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Letter of opposition to the application to remove a reef at Villa

Letter of opposition to the application to remove a reef at Villa
Ms. Louise Mitchell

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Ms Dornet Hull

Secretary to the Physical Planning and Development Board and Town Planner Physical Planning and Development Board


St. Vincent and the Grenadines


July 7th 2021


Dear Ms Hull,

Opposition to the Application by Raffique Dunbar to remove a reef at Villa

I write to express my strong objection to the Application published in the newspapers on July 2 2021, submitted by Mr Raffique Dunbar to remove a reef at Greathead Bay, Villa, supported by a document entitled “EIA, Prepared on behalf of SVRE Holdings Inc. for the La Vue Boutique Hotel and Beach Club Beach Restoration, “by Krystle Francis, Environmental Engineer.

While the advertisement stated that the relevant reef is located at Greathead Bay, all of the information on the application supports  the fact that the relevant reef  that the said Mr Dunbar wishes to remove is located in Indian Bay, directly in front of the building that was  formerly  called  the Grand View_ Grill and extending eastward  along that said beach. Accordingly, in the balance of this letter I shall refer to the beach as the Indian Bay beach and the reef as the Indian Bay Reef. In fact I have been advised that a correction  has been made to the title of the application  to: “For the removal of dead coral and replacement of artificial reef at Villa.”

The application seeks to do the following things:

  1. Extract a “dead/ dying” coral reef 350 feet along the coast and 50 – 60 feet outwards into the sea, a total area of 17,500 square feet
  2. The placement of a new artificial reef at about 100-150 feet from the shore (using concrete x blocks, the surface area of which will exceed that of the extracted coral)
  3. The placement of imported sand to increase beach width (“beach nourishment”)

Firstly I take issue with the labelling of the reef sections as “dead” in support of their removal by the developers. Obviously, a proper assessment of the reef must be conducted by a trained professional. Such an assessment would include, but not be limited to, the analysis and description of the reef sections in the entire area around the development and cannot be thought to be sufficiently accomplished by the incorporation of a few photographs taken from the beach.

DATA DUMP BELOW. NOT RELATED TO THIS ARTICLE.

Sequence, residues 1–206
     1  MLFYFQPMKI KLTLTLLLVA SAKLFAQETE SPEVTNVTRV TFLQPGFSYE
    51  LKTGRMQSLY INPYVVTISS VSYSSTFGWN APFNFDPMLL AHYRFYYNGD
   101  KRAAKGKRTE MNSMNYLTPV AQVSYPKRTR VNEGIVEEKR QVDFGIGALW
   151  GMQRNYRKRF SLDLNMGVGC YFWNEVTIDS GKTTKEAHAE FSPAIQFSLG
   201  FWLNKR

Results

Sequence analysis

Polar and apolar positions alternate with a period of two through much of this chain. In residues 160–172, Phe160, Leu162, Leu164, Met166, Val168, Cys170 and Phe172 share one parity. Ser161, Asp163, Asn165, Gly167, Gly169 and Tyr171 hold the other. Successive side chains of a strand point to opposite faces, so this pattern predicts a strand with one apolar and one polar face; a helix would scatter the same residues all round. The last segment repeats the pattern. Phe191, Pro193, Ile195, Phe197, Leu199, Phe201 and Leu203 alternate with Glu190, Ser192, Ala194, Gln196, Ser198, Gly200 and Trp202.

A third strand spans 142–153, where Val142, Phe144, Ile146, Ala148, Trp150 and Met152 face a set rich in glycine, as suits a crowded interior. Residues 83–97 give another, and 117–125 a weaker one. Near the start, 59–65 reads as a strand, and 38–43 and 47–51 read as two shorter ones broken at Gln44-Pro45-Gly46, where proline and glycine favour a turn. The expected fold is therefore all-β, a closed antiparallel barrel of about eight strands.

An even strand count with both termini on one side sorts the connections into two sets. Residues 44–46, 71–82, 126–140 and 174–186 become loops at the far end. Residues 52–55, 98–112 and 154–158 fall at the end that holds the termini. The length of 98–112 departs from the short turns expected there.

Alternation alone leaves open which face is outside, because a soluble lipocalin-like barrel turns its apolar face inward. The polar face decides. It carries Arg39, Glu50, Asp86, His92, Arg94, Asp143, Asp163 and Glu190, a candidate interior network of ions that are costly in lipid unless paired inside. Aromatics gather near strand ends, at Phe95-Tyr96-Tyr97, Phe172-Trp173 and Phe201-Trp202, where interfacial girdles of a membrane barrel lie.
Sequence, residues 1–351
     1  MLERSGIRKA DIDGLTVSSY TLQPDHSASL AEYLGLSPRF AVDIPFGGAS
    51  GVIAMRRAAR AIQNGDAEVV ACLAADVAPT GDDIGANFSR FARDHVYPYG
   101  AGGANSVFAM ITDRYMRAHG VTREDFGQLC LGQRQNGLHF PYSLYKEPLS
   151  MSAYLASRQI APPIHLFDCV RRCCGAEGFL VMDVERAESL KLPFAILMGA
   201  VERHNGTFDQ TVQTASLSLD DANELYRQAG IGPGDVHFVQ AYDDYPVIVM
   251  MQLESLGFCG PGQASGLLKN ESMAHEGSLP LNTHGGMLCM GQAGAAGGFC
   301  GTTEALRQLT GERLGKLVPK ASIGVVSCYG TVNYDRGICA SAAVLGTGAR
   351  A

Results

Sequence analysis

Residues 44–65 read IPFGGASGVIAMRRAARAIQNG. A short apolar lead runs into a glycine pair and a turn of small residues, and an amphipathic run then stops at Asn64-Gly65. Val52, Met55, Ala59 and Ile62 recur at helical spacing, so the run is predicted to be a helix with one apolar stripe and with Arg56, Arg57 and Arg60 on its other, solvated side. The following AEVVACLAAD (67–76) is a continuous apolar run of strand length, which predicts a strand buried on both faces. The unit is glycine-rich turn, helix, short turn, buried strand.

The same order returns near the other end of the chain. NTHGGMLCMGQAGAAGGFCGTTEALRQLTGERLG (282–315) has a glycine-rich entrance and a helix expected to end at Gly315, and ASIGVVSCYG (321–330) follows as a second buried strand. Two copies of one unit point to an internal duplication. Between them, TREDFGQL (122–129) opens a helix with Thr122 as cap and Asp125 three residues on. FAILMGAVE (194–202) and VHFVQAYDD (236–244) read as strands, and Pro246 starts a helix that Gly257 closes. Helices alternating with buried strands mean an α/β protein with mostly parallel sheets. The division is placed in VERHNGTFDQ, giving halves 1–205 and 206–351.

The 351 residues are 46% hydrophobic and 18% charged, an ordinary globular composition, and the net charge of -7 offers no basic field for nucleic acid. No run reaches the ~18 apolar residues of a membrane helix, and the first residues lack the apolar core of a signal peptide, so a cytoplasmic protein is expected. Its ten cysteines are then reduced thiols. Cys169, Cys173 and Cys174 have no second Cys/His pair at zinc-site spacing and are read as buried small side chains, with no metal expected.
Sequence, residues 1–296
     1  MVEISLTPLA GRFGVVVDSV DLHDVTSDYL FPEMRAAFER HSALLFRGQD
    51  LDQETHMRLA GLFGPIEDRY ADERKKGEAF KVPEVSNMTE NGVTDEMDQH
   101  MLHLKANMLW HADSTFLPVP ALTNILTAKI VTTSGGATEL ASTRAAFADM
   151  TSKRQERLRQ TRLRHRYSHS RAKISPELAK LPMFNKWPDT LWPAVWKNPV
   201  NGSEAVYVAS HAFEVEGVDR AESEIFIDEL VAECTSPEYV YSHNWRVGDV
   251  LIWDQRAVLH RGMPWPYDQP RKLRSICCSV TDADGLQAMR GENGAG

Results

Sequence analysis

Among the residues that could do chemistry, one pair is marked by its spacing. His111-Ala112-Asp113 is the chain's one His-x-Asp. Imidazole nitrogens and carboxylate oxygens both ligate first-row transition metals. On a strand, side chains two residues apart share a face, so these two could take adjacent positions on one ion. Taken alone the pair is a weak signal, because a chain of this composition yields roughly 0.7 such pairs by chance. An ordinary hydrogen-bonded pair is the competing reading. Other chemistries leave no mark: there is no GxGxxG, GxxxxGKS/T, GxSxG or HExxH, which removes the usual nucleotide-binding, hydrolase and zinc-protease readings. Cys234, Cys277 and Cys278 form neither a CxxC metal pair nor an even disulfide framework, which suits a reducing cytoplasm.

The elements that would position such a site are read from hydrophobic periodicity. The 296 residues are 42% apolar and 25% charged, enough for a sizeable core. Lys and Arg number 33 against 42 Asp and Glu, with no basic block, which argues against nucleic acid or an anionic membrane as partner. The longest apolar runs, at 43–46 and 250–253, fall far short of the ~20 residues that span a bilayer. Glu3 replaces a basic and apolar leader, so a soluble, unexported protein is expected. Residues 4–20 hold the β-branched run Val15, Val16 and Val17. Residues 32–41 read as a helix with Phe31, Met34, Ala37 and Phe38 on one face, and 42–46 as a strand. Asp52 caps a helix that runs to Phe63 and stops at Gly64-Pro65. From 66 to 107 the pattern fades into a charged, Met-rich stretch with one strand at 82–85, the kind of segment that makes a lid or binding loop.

The “EIA” done by Ms Francis considers the environmental impact during construction. No real attempt was made to model the ongoing impact of the development to the surrounding reefs once construction is complete and the 17500 sq ft area is being used as proposed.

The mitigating strategies suggested for the protection of the environment during construction are woefully inadequate and place all the responsibility on the as yet unnamed contractor. Specifically, the statement that the work would be paused upon the entrance into the work area of any “marine animal” is laughable. On this basis the work can never commence given the abundance of marine life in the stated area.

I oppose this application on the following grounds:

  1. The said area of the Indian Bay Reef is not dead. Evidence of the fact that it is very much alive is set out below.
  2. Living coral reefs provide spawning, nursery, refuge and feeding areas for a large variety of organisms, in short, they support biodiversity of sea life. They protect coastlines from storms and erosion (even more important with rising sea levels due to climate change) and offer opportunities for recreation (both for Vincentians and tourists alike). This coral reef protects the entire Indian Bay beach.
  3. The removal of the targeted area of coral reef will not only kill the reef being removed but will do severe damage to the surrounding coral reef and sea life.
  1. The placement of a new artificial reef at about 100-150 feet from the shore will disrupt the entire eco-system and flow of ocean currents in the area, causing unknown damage to the beach both nearby and further along the coastline.
  2. The placement of a new artificial reef (itself a misnomer), will be aesthetically unpleasing to the eyes and damaging to the souls like mine who go to Indian Bay to connect with our natural heritage.
  3. The placement of imported sand will destroy the natural habitat of the existing beach and disturb all of the organisms that live on the present beach.
  4. There is always also a risk that imported sand could contain undetected invasive organisms, a risk which cannot be 100% mitigated.
  5. There is a possibility that hawksbill turtles nest on the Indian Bay Beach and the imposition of new imported sand could be a threat to possible turtle nesting.